If you want to have an lpidea of how hard a tyre is going to ride, press your thumb into the sidewall of an unmounted tyre. The more resistance the harder the ride.
Performance tyres, run flat tires, lower profile tyres, higher load capacity tyres tend to have stiffer sidewalls which usually means lower ride quality.

I would like to think age hardened tyres affect ride quality negatively but I don't let ride comfort affect my decisions much

If you want to look for indicators on the sidewall of the tyre.
Lower load index/lower load capacity = generally better ride quality
P-metric has a slightly lower load capacity than its metric equivalent which means it rides slightly better (that P in "P225/65r17")
Look at the number of plies in the sidewall, less generally means more comfortable; this is directly related to load capacity. Avoid LT if you want comfort.

Taller tyres (more rubber between the rim and the road) generally equates to more comfort.

Less unsprung weight lighter or smaller rim generally gives more comfort.

Lower air pressures (within reason) can make the ride slightly more comfortable


carluva wrote:Goodyear Wrangler SUV.

32 psi.

Fwiw, kumho is generally a very hard tyre hence the high treadwear ratings when compared to other brands. I won't be surprised if the tyre hardness is what's contributing to the ride quality. Harder tyres tend to offer less cushioning hence you feel the road a lot more especially on bumpy roads but offer a longer life. Softer tyres provide better ride quality but wear faster.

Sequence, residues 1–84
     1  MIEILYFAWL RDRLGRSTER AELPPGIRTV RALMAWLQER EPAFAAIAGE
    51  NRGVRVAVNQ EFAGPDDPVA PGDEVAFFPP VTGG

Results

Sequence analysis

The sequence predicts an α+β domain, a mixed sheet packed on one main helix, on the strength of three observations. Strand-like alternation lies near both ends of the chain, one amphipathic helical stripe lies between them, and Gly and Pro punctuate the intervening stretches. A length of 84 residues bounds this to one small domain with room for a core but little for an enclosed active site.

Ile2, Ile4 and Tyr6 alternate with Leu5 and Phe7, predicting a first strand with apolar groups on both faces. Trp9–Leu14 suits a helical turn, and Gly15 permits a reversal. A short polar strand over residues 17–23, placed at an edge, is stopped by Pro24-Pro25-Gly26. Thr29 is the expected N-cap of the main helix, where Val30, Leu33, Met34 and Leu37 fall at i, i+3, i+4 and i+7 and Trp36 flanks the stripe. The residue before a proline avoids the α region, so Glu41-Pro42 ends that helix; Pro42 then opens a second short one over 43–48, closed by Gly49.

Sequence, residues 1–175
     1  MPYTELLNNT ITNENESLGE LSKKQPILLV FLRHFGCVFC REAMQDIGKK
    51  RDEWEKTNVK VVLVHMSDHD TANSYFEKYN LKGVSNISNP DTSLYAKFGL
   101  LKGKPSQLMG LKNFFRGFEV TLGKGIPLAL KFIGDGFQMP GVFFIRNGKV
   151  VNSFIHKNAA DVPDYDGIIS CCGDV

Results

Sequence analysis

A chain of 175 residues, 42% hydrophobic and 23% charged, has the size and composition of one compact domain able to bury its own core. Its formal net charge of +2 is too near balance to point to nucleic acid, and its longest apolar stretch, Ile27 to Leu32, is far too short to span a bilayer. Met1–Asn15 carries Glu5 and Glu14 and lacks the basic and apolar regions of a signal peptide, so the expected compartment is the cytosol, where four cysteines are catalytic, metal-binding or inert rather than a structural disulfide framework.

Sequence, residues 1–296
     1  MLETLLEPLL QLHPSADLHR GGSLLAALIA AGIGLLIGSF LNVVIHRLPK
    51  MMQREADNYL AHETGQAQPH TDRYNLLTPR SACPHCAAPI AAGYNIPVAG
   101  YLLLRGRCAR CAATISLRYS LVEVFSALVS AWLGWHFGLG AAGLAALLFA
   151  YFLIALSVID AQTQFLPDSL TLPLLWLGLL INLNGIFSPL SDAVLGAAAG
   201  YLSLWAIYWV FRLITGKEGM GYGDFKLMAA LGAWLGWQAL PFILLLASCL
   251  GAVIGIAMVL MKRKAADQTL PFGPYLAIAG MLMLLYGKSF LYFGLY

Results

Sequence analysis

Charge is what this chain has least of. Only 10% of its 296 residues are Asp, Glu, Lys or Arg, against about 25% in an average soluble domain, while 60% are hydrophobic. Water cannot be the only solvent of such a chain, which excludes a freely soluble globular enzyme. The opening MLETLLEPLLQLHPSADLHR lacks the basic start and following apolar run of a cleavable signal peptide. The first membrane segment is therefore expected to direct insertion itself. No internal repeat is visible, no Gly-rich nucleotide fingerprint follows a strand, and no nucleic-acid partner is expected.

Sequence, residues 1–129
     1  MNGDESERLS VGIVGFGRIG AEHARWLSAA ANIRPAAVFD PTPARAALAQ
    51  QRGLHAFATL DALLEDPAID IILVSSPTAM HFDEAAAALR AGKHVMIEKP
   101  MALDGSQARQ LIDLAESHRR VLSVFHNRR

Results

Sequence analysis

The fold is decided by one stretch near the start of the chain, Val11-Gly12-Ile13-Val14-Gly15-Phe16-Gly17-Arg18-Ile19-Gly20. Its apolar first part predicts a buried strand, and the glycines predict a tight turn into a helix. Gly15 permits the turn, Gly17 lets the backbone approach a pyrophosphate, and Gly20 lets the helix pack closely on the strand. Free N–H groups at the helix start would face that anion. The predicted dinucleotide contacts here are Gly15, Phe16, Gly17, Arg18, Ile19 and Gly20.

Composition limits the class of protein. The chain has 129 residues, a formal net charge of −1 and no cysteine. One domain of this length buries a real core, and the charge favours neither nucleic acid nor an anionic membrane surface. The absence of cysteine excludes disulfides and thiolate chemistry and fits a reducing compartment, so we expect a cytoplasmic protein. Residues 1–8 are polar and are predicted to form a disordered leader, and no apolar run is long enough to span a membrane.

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Re: 2013 Rav4 thread.

Postby SNIPER 3000 » June 6th, 2021, 6:56 am

Guys so from my research on the 2013 rav4, it carries a 3ZR-FE engine according to my manual. However looking at this on the internet the 3ZR-FE oil filter is located vertical and carries an oil drain plug with uses the YZZA1 filter with a plastic drain, however my 2013 rav4 oil filter is horizontal with out an oil drain on the filter and uses the YZZA6 which points to it being a 2ZR-FE just like the corolla engine, whats up with that?